Although it is mostly your legs that you use when gaining altitude on skis, Touring really is a whole-body workout. Poles play a vital role when climbing and descending but, on each occasion, may require to be different lengths. On the ascent, poles should be adjusted to match the gradient to help uphill propulsion and useful balance aids on more technical terrain and during kick turns, longer grips than alpine poles also allow for greater flexibility over mixed terrain. When ski tips are pointing down poles play a key role, as any instructor will tell you, providing balance and a useful contact point for sharper turns on steeper terrain, especially jump turns. It goes without saying that as a piece of touring kit, the poles need to be light!

For many years, Leki has been at the pinnacle of ski and walking pole technology, and their top of the range Tour Stick Vario Carbon Pole is another industry leading design. The pole fulfils all of the criteria listed above and more. Carbon construction keeps the weight down while the adjustable shaft suits a variety of terrain, the basket has also been specifically designed to help hands-free adjustment of heal lifters and boot buckles in a nice touring specific touch. Leki have also utilised their signature speed strap system for extra speed and safety with a touring specific grip designed to retain heat on long ascents. The poles are also collapsible which is of real benefit to those with their sights on more extreme terrain where a hands-on approach to climbing is needed or where your hands are taken up with an ice axe. The foldability of these poles will also make them an attractive option for splitboarders.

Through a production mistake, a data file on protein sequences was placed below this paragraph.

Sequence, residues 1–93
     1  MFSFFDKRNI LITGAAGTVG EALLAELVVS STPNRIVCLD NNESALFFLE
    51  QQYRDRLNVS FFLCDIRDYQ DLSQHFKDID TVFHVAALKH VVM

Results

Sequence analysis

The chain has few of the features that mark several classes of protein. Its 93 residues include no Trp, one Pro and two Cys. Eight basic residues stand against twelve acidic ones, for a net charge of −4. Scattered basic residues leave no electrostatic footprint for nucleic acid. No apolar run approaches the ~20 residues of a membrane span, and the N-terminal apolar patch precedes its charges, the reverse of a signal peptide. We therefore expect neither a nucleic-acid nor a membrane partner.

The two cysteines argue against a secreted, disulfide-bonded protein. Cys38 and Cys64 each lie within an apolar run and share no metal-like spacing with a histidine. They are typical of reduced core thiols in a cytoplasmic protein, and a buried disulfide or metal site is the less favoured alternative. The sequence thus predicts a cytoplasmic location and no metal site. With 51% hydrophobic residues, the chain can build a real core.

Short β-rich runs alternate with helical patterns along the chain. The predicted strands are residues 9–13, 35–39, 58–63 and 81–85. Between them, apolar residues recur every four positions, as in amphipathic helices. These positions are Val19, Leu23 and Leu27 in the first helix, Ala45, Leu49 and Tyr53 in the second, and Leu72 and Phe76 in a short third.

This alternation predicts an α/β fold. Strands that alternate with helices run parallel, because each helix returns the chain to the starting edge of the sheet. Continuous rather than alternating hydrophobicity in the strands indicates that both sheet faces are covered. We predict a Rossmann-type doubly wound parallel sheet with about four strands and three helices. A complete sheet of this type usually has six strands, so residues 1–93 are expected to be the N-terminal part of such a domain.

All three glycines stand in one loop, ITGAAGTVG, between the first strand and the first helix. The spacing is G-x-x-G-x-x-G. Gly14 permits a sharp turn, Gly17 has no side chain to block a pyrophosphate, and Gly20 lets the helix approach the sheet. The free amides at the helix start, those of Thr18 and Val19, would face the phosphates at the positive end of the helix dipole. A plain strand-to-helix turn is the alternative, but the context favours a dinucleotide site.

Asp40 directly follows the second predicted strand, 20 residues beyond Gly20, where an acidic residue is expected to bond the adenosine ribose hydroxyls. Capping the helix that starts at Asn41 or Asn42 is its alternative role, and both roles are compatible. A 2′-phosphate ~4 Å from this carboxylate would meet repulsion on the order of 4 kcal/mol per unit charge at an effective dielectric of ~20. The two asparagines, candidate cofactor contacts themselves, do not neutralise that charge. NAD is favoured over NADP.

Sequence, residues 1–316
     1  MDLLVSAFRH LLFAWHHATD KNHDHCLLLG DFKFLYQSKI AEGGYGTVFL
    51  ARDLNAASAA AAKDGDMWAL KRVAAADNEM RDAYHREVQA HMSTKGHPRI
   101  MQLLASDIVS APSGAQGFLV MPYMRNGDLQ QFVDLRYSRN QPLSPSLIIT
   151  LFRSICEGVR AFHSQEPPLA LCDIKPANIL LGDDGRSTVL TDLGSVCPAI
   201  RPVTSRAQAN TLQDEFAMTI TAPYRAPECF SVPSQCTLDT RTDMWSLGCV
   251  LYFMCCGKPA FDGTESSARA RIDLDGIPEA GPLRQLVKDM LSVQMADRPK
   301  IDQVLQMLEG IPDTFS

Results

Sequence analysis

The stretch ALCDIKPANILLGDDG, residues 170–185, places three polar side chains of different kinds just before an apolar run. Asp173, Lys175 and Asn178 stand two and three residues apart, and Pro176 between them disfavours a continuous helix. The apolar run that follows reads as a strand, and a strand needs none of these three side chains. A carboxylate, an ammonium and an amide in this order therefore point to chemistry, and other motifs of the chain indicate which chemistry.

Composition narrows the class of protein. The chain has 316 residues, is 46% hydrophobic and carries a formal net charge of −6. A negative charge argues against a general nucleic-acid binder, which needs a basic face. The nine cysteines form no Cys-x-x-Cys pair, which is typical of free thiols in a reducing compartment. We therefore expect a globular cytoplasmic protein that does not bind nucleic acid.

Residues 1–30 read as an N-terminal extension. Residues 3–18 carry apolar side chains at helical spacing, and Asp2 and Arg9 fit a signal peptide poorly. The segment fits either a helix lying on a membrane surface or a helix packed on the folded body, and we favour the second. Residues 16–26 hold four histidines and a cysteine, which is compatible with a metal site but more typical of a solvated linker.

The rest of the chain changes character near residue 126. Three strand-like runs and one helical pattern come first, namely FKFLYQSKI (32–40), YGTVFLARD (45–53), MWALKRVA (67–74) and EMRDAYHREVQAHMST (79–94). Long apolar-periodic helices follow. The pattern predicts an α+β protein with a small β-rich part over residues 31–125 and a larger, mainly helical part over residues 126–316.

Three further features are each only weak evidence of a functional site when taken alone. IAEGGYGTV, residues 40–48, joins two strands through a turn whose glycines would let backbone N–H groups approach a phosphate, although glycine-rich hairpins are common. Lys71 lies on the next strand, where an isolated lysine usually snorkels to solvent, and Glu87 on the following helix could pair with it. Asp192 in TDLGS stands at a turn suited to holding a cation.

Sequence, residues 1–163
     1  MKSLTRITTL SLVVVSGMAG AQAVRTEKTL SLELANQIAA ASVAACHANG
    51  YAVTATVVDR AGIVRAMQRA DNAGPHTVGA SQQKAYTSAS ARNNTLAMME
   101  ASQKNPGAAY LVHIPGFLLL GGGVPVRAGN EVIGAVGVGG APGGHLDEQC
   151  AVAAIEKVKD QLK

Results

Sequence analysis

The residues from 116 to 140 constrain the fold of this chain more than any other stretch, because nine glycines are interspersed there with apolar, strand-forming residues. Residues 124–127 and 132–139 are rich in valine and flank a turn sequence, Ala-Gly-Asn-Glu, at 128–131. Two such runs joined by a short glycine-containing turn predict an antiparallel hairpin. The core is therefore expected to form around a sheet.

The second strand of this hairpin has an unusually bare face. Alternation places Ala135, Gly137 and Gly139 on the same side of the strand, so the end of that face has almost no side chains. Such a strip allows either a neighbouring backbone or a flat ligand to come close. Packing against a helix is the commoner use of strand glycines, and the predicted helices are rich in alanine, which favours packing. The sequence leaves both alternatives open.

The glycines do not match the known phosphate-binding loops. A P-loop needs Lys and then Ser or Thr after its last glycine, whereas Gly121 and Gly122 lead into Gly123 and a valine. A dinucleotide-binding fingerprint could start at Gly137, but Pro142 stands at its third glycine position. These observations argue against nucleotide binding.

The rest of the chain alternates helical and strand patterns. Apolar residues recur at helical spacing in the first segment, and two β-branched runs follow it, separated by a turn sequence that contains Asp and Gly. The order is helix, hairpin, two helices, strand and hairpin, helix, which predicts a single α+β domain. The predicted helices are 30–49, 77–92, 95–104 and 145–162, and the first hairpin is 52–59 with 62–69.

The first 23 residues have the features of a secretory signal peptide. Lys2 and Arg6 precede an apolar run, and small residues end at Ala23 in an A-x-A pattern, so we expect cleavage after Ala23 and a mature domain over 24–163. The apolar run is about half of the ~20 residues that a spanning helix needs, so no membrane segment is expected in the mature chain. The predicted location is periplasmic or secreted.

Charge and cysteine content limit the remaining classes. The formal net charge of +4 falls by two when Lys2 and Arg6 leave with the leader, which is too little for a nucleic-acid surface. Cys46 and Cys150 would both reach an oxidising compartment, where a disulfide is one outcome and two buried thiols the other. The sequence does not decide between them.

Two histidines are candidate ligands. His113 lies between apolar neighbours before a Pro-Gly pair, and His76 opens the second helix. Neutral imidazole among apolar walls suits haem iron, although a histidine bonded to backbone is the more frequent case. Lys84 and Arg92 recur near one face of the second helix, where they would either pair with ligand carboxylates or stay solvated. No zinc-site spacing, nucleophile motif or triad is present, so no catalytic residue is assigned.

Backcountry aficionados G3 offers several different pole options, and the Via pole is the brand’s toughest touring specific pole to date. While the pole is not foldable, the burly stick offers a whopping 30cm of adjustment to suit most skiers over whatever terrain they encounter. While the pole is not constructed with the most exotic materials on the planet, the aluminium structure keeps the weight down, however, if you obsess over the gram count then carbon options are available.

Both the Leki Tour Stick Vario Carbon and the G3 Via Touring Pole are available online and instore at Snow+Rock.